The UN General Assembly, with a large majority, called for an “immediate humanitarian truce” in Gaza on the 21st day of the Israel-Hamas conflict, while the Israeli army announced it was extending its ground operation into the shattered territory.
The non-binding resolution, criticized by Israel and the United States for failing to mention Hamas, received 120 votes in favor, 14 against and 45 abstentions from UN members.
Israel angrily dismissed the measure, and said the country would use “every means at our disposal” in confronting Hamas.
“Today is a day that will go down as infamy. We have all witnessed that the UN no longer holds even one ounce of legitimacy or relevance,” Israeli ambassador Gilad Erdan said, telling the assembly: “Shame on you.”
“Israel will continue to defend itself. We will defend our future, our very existence by ridding the world of Hamas’ evil so that it can never threaten anyone else again,” he said.
Hamas meanwhile welcomed the call for a break in the conflict.
“We demand its immediate application to allow the entry of fuel and humanitarian aid for civilians,” said a Hamas statement.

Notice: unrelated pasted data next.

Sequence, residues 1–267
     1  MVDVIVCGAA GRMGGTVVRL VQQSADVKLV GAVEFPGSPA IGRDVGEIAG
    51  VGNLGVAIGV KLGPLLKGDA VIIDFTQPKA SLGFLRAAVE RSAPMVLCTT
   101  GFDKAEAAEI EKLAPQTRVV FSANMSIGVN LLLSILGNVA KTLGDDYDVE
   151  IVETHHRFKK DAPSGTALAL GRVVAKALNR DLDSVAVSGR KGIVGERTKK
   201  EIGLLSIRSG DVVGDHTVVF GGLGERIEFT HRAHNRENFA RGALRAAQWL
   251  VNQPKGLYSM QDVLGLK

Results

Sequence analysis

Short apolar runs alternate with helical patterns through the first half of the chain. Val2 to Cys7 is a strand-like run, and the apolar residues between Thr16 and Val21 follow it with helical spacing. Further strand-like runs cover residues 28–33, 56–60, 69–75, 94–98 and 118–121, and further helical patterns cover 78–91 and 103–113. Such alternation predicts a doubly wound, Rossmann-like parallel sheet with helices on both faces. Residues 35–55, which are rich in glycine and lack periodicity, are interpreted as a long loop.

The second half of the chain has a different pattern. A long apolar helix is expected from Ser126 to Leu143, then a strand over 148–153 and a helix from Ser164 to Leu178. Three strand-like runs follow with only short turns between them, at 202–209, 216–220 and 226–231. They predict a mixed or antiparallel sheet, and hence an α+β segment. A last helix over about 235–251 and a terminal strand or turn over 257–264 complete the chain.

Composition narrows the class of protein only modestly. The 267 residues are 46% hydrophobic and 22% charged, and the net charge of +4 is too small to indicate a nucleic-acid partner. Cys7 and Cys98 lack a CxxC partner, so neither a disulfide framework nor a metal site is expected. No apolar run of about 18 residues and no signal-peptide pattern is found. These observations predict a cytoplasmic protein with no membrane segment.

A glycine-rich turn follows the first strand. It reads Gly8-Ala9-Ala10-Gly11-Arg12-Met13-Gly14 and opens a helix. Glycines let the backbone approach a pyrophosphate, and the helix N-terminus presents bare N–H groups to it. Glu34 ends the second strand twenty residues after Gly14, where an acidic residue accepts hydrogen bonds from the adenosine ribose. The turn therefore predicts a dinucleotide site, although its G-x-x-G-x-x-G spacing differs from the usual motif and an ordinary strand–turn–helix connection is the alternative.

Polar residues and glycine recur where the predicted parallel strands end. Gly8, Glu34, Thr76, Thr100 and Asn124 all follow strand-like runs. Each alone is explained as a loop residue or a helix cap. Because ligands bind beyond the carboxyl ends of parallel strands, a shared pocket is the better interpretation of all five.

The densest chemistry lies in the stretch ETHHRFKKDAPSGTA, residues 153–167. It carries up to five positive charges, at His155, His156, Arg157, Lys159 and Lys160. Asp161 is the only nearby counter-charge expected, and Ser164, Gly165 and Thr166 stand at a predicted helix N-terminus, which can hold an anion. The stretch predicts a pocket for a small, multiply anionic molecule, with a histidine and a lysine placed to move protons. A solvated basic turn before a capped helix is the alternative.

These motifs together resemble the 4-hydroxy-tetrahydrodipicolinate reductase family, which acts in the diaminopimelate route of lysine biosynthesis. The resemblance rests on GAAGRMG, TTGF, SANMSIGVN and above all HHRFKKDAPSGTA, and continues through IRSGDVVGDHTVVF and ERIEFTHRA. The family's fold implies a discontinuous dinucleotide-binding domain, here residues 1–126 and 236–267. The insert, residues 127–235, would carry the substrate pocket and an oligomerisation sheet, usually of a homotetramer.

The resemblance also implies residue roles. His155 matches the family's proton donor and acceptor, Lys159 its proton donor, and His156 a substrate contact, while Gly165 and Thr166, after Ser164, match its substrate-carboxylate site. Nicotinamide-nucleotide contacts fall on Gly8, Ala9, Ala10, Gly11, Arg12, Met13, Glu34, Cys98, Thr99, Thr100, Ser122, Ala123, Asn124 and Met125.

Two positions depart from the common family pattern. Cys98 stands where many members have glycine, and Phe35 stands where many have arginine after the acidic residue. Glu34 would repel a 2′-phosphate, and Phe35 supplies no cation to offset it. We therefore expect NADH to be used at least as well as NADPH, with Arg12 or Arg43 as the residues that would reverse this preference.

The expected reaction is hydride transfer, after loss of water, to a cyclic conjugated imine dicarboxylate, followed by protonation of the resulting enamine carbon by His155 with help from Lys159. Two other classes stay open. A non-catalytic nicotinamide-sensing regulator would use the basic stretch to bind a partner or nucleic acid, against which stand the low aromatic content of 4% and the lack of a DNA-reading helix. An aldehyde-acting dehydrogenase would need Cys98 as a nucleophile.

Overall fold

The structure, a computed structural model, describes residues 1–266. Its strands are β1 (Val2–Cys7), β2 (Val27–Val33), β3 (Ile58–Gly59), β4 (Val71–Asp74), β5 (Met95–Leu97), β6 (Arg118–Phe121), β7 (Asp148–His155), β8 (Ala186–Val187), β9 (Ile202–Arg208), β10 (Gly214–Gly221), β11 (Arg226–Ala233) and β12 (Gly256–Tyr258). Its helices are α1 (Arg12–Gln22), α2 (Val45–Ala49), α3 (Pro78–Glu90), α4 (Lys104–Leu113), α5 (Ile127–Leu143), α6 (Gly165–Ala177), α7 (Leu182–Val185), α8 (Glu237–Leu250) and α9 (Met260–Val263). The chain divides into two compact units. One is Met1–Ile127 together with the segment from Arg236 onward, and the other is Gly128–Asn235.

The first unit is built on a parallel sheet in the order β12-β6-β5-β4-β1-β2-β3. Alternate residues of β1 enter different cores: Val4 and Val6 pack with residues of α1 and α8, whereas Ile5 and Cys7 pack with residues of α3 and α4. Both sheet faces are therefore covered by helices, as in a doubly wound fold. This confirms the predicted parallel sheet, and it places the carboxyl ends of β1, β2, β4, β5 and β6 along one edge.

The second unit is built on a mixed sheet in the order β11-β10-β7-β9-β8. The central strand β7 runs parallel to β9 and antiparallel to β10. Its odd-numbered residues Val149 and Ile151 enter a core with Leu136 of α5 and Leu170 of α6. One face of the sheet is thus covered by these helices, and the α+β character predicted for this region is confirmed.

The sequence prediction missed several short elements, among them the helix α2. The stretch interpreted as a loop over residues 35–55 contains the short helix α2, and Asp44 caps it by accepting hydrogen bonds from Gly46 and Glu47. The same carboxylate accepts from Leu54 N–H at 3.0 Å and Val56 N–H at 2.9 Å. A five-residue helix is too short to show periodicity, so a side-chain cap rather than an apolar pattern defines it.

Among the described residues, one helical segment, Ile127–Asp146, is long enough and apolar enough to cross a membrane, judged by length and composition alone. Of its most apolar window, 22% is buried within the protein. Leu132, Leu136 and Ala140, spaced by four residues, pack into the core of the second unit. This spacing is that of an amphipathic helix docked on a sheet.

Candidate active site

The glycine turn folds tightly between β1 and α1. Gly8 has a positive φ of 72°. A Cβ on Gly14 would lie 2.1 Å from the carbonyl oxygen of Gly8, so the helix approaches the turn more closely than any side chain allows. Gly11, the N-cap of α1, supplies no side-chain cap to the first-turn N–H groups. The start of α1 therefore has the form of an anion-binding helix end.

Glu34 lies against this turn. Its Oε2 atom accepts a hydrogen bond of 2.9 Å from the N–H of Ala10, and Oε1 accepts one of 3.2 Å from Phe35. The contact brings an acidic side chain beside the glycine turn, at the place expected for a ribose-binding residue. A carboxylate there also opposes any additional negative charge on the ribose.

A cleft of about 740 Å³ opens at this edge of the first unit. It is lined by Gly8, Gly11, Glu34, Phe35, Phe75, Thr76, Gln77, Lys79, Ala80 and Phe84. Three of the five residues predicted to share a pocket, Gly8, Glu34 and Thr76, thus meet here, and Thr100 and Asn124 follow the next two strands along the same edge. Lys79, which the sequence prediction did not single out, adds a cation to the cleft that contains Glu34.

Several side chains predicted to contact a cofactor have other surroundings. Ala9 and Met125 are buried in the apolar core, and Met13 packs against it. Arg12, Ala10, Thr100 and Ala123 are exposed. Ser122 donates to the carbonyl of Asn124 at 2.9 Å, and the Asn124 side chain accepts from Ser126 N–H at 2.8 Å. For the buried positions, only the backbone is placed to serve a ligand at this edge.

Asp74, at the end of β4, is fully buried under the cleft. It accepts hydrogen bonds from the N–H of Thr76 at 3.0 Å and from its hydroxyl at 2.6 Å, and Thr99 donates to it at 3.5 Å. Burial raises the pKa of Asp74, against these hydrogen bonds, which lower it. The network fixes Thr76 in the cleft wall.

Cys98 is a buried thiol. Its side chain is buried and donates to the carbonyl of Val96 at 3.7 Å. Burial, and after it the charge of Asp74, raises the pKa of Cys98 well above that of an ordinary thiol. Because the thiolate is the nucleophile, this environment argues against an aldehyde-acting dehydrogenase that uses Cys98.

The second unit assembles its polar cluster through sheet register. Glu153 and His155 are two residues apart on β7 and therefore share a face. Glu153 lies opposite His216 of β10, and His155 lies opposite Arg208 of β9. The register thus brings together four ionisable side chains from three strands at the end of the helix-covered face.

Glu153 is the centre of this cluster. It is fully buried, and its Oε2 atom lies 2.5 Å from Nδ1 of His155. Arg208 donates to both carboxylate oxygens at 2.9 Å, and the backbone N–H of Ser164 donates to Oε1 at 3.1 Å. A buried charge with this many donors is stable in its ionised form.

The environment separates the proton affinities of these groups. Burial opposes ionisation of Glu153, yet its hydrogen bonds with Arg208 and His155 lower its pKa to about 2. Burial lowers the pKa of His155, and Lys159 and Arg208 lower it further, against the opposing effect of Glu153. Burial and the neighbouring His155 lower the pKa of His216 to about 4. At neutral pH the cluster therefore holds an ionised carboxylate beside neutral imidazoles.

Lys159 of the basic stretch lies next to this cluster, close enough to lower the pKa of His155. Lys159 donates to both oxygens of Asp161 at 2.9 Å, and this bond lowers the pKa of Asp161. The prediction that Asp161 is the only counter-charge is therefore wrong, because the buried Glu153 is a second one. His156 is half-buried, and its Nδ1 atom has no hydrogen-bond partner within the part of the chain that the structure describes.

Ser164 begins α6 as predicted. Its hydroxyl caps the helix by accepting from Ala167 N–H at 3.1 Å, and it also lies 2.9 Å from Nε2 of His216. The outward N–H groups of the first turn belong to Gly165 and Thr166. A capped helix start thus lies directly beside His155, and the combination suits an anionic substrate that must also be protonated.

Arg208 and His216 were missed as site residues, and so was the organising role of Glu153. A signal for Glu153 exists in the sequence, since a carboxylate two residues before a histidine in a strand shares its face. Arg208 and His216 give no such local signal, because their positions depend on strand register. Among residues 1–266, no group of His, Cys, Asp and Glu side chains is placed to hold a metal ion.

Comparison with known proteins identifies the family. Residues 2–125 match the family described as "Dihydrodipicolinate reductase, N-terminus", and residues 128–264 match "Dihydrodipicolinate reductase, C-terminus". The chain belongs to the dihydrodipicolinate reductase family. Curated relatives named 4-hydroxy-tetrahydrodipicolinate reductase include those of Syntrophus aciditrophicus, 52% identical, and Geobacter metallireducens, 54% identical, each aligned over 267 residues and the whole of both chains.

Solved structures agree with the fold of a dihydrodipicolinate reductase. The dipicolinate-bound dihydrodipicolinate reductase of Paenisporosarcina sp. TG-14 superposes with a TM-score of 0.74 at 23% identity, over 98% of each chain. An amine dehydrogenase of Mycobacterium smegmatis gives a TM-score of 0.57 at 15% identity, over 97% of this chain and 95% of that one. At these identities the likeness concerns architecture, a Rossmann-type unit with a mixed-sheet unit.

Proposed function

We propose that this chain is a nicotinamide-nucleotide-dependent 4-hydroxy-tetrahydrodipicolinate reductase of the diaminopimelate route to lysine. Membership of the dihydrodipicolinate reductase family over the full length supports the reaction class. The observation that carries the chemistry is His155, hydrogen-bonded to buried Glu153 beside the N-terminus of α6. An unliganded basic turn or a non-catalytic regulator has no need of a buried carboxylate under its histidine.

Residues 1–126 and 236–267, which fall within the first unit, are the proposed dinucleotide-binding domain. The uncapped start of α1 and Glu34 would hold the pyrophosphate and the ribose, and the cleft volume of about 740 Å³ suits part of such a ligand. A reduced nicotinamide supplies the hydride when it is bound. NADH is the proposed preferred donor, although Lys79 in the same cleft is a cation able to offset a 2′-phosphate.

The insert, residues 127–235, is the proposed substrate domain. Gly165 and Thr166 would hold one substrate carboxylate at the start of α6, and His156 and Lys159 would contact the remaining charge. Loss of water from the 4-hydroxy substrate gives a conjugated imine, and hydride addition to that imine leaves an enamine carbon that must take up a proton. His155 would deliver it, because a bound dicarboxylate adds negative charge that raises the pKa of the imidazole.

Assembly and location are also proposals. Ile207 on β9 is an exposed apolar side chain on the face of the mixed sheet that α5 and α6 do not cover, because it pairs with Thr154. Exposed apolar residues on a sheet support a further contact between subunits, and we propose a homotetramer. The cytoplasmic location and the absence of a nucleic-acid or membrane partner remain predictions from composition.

The rival Palestinian Authority’s foreign ministry said that as Israel’s campaign “reaches a new peak of brutality,” there was “a solid international position rejecting Israel’s unhinged aggression.”
The text proposed by Jordan in the name of 22 Arab countries called for “an immediate, durable and sustained humanitarian truce leading to a cessation of hostilities.”
An earlier version called for an “immediate ceasefire.”
Israel has bombarded Gaza since Hamas gunmen stormed across the border on October 7, killing 1,400 people, mostly civilians, and kidnapping over 220 others, according to Israeli officials.
The health ministry in the Hamas-run Gaza Strip, in an update on Friday, said the strikes had now killed 7,326 people, mainly civilians and many of them children.
The resolution co-sponsored by nearly 50 other countries centered largely on the dire humanitarian situation in sealed-off Gaza as Israel presses on with its bombardment.
The document urges “immediate” provision of water, food, medical supplies, fuel and electricity and unhindered access for UN and other humanitarian agencies trying to help the Palestinians.
The draft condemns “all acts of violence aimed at Palestinian and Israeli civilians, including all acts of terrorism and indiscriminate attacks” but it does not mention Hamas.
The resolution exposed a division within Western countries, with France voting for the measure; Germany, Italy and Britain abstaining; while Austria and the United States voted against.
“It is outrageous that this resolution fails to name the perpetrators of the October 7 terrorist attack,” US ambassador Linda Thomas-Greenfield said.
“Another key word missing in this resolution is hostage,” she added.